When drafting a project big man in the first round — someone like Florida State’s Solomon Alabi — the key question has to be work ethic. Is he going to be happy just to make the NBA and luxuriate in the perks that come with the job, or does he genuinely want to get better?
David Thorpe, Executive Director of the Pro Training Center and ESPN analyst, worked out Alabi and in an interview at Raptors Republic gave him about the highest work ethic honor you could — comparing him to Joakim Noah.
Noah is the same player in practice you see on the court in games, and that kind of relentless effort makes a team work harder ad play better.
“I think Alabi, like Noah, has the chance to be that kind of guy,” Thorpe said.
The NBCSports.com mock draft has Alabi going at No. 25 to the Hawks (who could certainly use a shot-blocking center). He may have moved up since the NBA Draft Combine and some reportedly impressive workouts, maybe going as high as 19 to Boston.
Alabi had a good athlete, he measured taller than anyone in the combine — 7’1″ with a 7’5″ wingspan. However, he is not fast, he was the slowest player at the combine, and finished dead last in the lane agility drill.
Yet the scouts love him. In part because he has a good offensive game, Thorpe saying he has a consistent jumper out to 18 feet. He could come in and be a bench big you can run the pick-and-pop with and get some defense.
Alabi is very raw with his offensive moves in the post. And the native Nigerian only started playing basketball at 15, so there are questions about how high his ceiling really is.
But an energy guy who is a legit center who can block shots and has a midrange game? And comes with incredible energy? This may be a project worth taking on.
For the second consecutive year, the Warriors have lost their lead assistant to another team. When the Pelicans hired Alvin Gentry during last year’s playoffs, Steve Kerr promoted Luke Walton to associate head coach and added former journeyman big man Jarron Collins to the bench. Now that Walton is headed to the Lakers as their next head coach, the Warriors will go outside the organization to find a replacement, according to ESPN.com’s Marc Stein. And one name that will likely not be in the mix is David Blatt, who very nearly became an assistant under Kerr in 2014 before being offered the Cavaliers’ head job.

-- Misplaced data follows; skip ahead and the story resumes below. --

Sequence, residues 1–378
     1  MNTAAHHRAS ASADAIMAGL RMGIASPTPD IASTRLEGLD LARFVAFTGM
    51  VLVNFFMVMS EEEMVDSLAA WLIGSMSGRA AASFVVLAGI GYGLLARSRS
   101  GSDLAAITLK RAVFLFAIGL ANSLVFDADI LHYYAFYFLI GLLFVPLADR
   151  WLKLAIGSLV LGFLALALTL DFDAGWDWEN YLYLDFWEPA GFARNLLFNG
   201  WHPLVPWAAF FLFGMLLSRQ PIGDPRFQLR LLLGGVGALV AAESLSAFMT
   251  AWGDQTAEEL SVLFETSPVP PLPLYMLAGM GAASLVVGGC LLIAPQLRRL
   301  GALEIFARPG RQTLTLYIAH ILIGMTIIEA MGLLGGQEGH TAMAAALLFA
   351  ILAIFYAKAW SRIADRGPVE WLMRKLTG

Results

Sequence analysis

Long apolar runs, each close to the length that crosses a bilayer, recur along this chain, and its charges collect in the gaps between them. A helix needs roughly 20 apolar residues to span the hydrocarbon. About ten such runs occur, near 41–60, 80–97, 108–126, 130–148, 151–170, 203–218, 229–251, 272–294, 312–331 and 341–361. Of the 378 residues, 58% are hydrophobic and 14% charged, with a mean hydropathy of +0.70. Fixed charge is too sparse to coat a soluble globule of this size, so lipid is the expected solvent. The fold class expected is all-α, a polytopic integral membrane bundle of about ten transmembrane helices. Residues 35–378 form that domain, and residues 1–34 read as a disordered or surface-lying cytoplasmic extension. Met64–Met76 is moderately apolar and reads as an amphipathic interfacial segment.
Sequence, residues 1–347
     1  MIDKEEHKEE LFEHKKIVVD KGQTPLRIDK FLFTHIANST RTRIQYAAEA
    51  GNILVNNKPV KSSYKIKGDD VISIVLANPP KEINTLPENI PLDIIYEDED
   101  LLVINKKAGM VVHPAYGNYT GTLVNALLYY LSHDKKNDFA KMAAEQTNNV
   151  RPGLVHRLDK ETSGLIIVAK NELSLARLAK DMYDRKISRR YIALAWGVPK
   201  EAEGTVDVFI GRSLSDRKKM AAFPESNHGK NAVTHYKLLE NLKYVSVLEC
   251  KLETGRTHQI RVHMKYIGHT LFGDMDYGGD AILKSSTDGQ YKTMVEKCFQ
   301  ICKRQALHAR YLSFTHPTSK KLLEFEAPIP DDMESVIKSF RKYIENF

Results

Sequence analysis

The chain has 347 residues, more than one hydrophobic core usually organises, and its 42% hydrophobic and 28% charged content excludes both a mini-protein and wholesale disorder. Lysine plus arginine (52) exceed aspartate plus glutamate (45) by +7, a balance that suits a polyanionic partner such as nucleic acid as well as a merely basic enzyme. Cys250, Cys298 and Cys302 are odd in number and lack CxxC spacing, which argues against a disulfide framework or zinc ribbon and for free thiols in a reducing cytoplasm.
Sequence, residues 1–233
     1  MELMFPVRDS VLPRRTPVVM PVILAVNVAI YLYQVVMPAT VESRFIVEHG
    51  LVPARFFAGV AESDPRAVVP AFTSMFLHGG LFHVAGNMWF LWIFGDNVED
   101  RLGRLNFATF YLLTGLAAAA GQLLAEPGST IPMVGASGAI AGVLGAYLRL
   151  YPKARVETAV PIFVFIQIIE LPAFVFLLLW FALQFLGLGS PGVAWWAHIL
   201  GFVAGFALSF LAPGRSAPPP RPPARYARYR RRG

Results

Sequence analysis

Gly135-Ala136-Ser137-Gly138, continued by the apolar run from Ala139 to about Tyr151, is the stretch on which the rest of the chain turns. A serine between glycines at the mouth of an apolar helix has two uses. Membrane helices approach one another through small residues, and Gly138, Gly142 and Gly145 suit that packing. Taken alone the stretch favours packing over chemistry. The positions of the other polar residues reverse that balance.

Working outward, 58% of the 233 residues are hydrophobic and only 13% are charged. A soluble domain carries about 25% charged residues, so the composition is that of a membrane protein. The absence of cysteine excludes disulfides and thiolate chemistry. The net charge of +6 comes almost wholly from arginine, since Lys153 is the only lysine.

Given Walton’s success this season as interim head coach while Kerr recovered from back surgery, this will undoubtedly be the most attractive assistant job in the league.
In the last few years, NBA head coaching salaries have skyrocketed, and new Lakers coach Luke Walton is no exception. According to the Los Angeles Times‘ Mike Bresnahan, Walton is getting $25 million over five years, which is the same as Steve Kerr’s deal with the Warriors, now-former Knicks coach Derek Fisher’s deal in New York, and Fred Hoiberg’s deal with the Bulls.
This kind of money has become standard for head coaches who don’t also have front-office power. Tom Thibodeau and Stan Van Gundy both get between $7 and $8 million annually to do both jobs. Given how good Walton’s current situation with the Warriors is, the Lakers probably had to be on the high end of the coaching spectrum to get him to leave.
On Friday night, the Lakers announced that they’re hiring Luke Walton as their next head coach, effective as soon as the Warriors’ playoff run is over. It’s a good hire, but it’s especially interesting given Walton’s close relationship with Phil Jackson and the rumors that never seem to go away, that Jackson might be set up to return to the Lakers to run the team alongside fiancée Jeanie Buss after next season, when he has an opt-out in his contract with the Knicks.
But that doesn’t mean Walton will be running the triangle, as he said in his first comments to reporters since the news broke.
Via the Orange County Register‘s Bill Oram:
Regardless of whether Jackson eventually gets back in the picture in Los Angeles, Walton has been a successful assistant in Golden State and has the right temperament to lead the Lakers into the post-Kobe era.
Stephen Curry might be back sooner than expected. It’s been one week since he suffered the sprained MCL in his right knee that led the Warriors to rule him out for at least two weeks, but head coach Steve Kerr said Saturday that there’s at least an outside chance he could play Tuesday in Game 2 of Golden State’s second-round series against the Portland Trail Blazers.
Via ESPN.com’s Marc Stein:
Obviously, the smart money is on Curry not playing this early in his timetable. But the fact that it’s even on the table would seem to indicate that, barring a setback, he’ll be back for at least some of the series, which tips off Sunday.